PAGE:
Plus, it's impossible not to take your work home with you. No, literally: The morgue attendant told me that his wife has found chunks of cadaver in his hair after he gets home.

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3
Morgues Look Nothing Like You Think

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In movies and TV, morgues are dimly lit basements shot in cold blue light with maybe a screeching violin or two for atmosphere. For example, there's, uh, The Morgue ...

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"It takes place in ... the morgue."
"Greenlit!"

But in real life morgues are places of work, and they look like it. They're well lit, since it's impossible to do a proper dissection with Matrix rave-lighting, and there are literally walls of sinks, because you're going to be washing yourself and your tools almost constantly.

They're not isolated, either: My current lab is around the corner from the gym, and another morgue I worked at was down the hall from a kitchen and a hop, skip, and a jump from a food court.

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The smells from the Arby's were disgusting, but we got used to it.

That's not to say it isn't horrifying; it's just that the horror is more mundane. Like, there was a cabinet full of stacks of human organs organized into orange buckets and Tupperware. I'd glance up and see "lungs, 2011" written on some tape -- there were literally lungs older than my smartphone just sitting on that shelf. And there was our jigsaw, which was perpetually covered with fragments of human bone and assorted tissue. In our anatomy lab, there were a bunch of "specimens" (pieces of guy) just sitting on an AV cart. Why an AV cart? Well, apparently the AV department had rolled it in for a presentation and forgot it there, so med students started stacking stuff (i.e. 65 percent of a dude) on it. For some reason, the AV people didn't really want it back.

2
Your Body Is A Wonderland (And That Sucks)

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Everyone is unique and different. Sure, that's magical or whatever, but it's also a pain in the ass when you're trying to learn how to be a doctor. If you're particularly biologically quirky -- you're the anatomical Zooey Deschanel -- you can seriously stall out my education. Because we only get one cadaver, and that thing has to last us a whole semester. We learn about bodies from those bodies, so if your lung is a mottled bag of stygian pus, I just have to hope I can make friends with someone who's got a good one that I can learn from.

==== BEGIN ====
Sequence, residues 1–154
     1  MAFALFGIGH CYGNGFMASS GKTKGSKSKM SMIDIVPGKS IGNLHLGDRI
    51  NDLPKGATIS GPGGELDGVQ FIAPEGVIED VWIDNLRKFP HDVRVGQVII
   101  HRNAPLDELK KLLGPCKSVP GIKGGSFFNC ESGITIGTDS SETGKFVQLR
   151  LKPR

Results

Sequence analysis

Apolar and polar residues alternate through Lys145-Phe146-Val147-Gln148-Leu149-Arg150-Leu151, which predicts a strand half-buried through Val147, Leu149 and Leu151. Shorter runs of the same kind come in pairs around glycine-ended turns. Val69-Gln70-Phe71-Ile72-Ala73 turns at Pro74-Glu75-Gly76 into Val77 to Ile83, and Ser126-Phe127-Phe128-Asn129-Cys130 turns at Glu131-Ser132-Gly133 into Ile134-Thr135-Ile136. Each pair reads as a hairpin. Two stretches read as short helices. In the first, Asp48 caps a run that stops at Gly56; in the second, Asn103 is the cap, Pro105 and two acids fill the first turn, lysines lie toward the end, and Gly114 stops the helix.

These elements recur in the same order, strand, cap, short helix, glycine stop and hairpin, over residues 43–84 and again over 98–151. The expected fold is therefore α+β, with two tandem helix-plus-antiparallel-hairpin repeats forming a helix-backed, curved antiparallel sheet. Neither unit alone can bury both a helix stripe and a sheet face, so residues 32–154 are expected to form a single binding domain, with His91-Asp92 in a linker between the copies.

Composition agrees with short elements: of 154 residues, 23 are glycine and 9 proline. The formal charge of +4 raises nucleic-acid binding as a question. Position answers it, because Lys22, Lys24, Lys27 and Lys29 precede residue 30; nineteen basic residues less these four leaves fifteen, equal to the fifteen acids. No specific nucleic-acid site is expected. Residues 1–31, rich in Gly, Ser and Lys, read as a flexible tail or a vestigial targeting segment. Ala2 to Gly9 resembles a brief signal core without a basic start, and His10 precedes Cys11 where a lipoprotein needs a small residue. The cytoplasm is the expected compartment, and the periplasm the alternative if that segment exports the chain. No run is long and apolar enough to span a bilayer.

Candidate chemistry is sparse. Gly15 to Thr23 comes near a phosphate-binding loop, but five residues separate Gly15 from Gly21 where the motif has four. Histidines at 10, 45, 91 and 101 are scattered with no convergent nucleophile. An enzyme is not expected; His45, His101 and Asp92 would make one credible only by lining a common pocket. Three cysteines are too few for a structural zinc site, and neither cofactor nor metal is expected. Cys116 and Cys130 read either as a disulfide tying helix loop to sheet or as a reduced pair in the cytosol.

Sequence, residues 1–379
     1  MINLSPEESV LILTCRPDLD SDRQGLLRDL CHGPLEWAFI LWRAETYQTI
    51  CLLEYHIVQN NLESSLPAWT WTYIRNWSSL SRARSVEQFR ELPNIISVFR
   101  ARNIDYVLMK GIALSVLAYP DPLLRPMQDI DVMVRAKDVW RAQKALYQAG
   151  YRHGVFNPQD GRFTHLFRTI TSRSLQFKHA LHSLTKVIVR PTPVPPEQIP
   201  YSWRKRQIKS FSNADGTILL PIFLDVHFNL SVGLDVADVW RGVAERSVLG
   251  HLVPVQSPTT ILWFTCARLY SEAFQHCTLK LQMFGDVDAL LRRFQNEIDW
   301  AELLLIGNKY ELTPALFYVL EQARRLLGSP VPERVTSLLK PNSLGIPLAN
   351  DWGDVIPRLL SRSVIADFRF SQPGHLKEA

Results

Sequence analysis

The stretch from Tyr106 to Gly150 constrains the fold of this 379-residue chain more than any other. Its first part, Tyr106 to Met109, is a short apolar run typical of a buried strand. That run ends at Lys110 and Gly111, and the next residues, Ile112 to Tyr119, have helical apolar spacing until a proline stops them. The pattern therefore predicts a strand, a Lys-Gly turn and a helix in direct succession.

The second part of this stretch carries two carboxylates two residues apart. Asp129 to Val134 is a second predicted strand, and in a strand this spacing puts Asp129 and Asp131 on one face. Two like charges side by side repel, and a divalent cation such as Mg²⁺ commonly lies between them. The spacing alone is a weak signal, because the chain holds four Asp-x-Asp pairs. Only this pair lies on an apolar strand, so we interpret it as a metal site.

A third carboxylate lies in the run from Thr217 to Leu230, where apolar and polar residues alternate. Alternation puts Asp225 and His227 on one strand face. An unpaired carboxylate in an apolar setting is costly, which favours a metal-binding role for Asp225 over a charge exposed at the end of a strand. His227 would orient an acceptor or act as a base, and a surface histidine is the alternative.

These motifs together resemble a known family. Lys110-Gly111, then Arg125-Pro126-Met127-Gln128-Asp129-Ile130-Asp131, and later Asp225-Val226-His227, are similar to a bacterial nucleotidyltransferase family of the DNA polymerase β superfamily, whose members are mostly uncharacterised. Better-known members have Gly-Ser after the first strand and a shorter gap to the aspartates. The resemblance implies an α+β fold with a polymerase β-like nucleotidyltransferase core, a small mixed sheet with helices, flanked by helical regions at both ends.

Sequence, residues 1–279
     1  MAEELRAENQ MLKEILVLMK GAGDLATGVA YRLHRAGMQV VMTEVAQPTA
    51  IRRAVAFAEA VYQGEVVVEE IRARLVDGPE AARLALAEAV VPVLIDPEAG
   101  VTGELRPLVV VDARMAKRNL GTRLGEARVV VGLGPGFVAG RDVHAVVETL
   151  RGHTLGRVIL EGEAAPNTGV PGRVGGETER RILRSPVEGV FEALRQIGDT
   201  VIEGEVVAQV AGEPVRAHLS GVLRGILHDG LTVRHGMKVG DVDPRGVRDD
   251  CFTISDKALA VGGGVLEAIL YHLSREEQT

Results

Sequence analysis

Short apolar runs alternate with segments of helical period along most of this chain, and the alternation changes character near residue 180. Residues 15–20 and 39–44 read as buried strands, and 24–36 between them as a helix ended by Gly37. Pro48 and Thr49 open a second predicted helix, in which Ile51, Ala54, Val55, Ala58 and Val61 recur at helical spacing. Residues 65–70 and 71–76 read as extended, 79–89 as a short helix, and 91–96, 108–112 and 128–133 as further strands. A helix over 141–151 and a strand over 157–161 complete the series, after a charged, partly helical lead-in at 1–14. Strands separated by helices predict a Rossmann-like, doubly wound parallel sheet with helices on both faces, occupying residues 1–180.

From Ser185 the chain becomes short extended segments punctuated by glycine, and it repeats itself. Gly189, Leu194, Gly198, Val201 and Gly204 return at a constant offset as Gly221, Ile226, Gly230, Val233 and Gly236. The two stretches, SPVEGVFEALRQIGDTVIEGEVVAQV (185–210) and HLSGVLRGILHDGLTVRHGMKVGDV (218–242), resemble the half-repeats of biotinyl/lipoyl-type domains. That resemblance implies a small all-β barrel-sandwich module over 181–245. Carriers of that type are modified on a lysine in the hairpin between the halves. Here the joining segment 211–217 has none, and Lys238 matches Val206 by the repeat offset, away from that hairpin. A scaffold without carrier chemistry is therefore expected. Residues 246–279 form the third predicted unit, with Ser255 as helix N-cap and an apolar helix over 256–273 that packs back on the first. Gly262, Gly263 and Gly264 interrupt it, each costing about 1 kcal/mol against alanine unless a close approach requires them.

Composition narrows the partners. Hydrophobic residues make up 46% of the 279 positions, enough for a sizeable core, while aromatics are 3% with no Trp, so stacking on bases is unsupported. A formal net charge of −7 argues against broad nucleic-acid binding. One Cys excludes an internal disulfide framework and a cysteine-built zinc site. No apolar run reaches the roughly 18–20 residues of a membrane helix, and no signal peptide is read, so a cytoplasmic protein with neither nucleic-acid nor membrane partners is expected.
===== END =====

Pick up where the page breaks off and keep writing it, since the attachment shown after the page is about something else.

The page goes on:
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We want you to die healthy.

Breast implants? Fuck 'em. Valve replacements? To hell with 'em.

We all pitied students with a fat cadaver: Every organ was caked with inches of the stuff that needed to be painstakingly scraped away, making every dissection twice as long and 10 times as disgusting.

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But it was still nice of your mom, donating her body to science.

One of the worst stories I've heard is a bunch of students struggling over penis dissection all day only to discover the source of their confusion: The guy had a penis pump installed that no one had known about.

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1
Dead Bodies Are All Sorts Of Fun, And All Sorts Of Dangerous

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Most muscles are layered, and it's not immediately obvious what connects to what. So the best way to find out is just to pull on a tendon and see what moves -- it quickly becomes commonplace to beckon your lab partner by plucking the strings that manipulate a dead person's index finger.

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"Real funny, Jean. Hey, check out what this tendon does."

A friend, Abby Normal, once mentioned how much she enjoyed digging around in the nerves behind the eyes.

"When I was at the back of the skull, there's a lot of fat around the eye and I would occasionally pull a muscle by accident," she said. "After one time I did it, my classmate put down her scalpel and was like, 'I'm done; it looked at me.'"

The cadavers will even make noises:

"One time, the professor and a group of students were examining a body and they put pressure on it in such a way that all of the gas in the body went straight up through the chest and past the vocal cords, and he said, 'OoooOOOOH.'"

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"And that's why we have the class rifle now ... just in case."

But it's not all fun and games.

Once, one of our students got confused about his cadaver and his own arm, and he merrily sliced into his own skin. Bits of blood, bone and flesh have flopped into virtually every student's mouth at some point. If you get cavalier when digging in the cadaver with a scalpel and it breaks off somewhere in the recesses of a hip flexor, you've basically laid a landmine for your partner or future self -- one hidden deep inside rotting human flesh. Neosporin isn't going to cut it on that wound.

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Tip: Scalpel mines are a great way to ensure future cadavers.

Operating a bone saw is pretty cool, but it leaves incredibly sharp edges. That means a run-in with a sawed-off bone can leave more than one mangled body in the vicinity. Abby very nearly split herself open on the end of a sheared clavicle.

Hey -- at least she could have pointed to the scar and told people that the guy who did that to her is now dead. Technically, that would've been perfectly accurate.


For more insider perspectives, check out 5 Horrific Things You Learn Preserving Brains for a Living and 5 Awful Realities of Transporting Human Corpses for a Job.